The G&S Guide to Heirloom Knits
Of all of the cherished items in my wardrobe, of which there are many, it is a well-loved camel knit that I hold closest to my heart. The jumper belonged to my 90-year-old grandmother who gave it to me some years ago. She had worn it when she was my age and had no need for it any longer and lucky for me it fitted like a glove.
The hand knitted piece has certainly seen better days but it has a softness and charm to it that can only come from years of wearing. There are a few darns here and there, but my Grannie is an excellent seamstress and they are neatly done. Winter in, winter out, this knit comes out again and again, and still delivers both in terms of how it looks and how it feels, physically and emotionally. In short, it is a prime example of an heirloom knit.
For me, this is why a good knit is worth investing in and even more importantly, worth looking after. If you choose well and if you care for it, it will care for you back season after season, year after year. It will provide you with comfort, warmth and security (and goodness knows we could do with a little more of that in this topsy turvy, throw away world that we live in!) Who knows, in 50 years time you could be passing it on to a grand-daughter!
What to look for in an heirloom knit:
When looking for an heirloom knit there are a few things to bear in mind. First is what is it made of? Cashmere is an obvious choice, for its warmth and its luxurious, lightweight softness. Lambswool is a tougher yarn that will last for many years. Meanwhile, Alpaca is naturally hypo-allergenic and has an elasticity to it which drapes beautifully on the body. Either way, natural fibres are always the way to go. Secondly, think about the colour - if you want something to truly last you are best to go for neutral colours that can be worn with anything. The majority of our heirloom knits are woven from naturally dyed wools - browns, beiges and greys. You can add pops of colour with your accessories or by layering over bright t-shirts but for the knit itself a neutral pallet often works best. Finally, think about the shape - we find that a loose-ish fit turtle neck or round neck cardigan will appeal to most women, whether they are 25 or 65. It is important to think long term!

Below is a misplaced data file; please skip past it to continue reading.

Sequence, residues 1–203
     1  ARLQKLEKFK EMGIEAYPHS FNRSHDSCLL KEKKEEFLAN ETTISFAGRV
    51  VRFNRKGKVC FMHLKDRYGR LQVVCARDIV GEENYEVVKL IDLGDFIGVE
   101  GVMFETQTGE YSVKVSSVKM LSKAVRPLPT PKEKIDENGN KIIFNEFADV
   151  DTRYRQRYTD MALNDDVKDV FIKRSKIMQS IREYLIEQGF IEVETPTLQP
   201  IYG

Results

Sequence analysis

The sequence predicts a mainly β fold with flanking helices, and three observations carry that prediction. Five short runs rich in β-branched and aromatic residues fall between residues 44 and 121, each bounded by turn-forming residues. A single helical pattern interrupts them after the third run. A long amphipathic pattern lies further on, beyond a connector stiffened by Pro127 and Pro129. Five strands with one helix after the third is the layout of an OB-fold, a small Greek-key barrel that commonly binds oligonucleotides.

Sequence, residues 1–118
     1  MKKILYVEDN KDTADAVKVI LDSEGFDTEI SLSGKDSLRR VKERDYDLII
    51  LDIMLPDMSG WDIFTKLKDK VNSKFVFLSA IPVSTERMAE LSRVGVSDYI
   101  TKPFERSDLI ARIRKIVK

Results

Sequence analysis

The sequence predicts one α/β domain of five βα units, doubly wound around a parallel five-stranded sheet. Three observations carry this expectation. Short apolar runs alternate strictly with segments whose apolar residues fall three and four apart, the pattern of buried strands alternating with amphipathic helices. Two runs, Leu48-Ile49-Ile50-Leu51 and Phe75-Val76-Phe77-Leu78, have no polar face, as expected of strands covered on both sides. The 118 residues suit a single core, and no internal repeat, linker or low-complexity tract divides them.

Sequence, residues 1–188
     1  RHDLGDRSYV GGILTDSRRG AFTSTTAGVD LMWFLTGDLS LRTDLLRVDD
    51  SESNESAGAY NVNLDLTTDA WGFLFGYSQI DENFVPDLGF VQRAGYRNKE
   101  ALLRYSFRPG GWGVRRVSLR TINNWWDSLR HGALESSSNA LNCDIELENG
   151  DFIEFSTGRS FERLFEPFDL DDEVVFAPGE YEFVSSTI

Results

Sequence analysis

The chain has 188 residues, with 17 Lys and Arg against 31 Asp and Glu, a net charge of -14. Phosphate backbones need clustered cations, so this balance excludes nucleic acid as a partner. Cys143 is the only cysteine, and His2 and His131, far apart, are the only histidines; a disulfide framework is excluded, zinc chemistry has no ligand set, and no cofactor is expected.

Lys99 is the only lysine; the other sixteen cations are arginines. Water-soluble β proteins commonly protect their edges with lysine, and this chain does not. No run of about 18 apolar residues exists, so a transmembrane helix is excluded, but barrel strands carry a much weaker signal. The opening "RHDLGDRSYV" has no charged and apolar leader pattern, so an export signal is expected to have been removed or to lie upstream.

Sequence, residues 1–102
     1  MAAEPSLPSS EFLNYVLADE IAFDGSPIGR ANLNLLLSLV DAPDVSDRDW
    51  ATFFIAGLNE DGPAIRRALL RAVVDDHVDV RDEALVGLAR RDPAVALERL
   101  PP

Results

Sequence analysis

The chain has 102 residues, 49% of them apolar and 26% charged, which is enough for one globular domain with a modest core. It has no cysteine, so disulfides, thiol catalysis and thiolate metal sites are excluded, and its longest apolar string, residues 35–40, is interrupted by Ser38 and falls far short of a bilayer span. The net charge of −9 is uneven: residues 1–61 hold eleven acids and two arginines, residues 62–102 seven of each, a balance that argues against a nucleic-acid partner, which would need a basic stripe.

How to care for your knitwear:
Once you've decided on your choice of a sweater (there's some help below with our top picks if you still need some guidance!), its longevity then all come down to how you care for it. We now live in a world that is obsessed with over-cleaning - in most cases don't need to was your knitwear as much as you are! Wool doesn't absorb odours and stains as much as synthetic materials so there is no rush to wash. Next, we recommend you handwash where possible. Soak the jumper in cold water before you start and then wash using a delicate detergent. Do not ring or twist the knit just squeeze gently and then lie flat to dry in order to maintain its shape. Pop it on a towel to absorb extra moisture. One last thing to remember with knitwear is to regularly de-bobble or comb. This will help remove stray hairs and bobbles so many knits are prone to. (Lambswool and alpaca less so!)
The Knit Picks
Our Top Heirloom Knits Sure to Last the Test of Time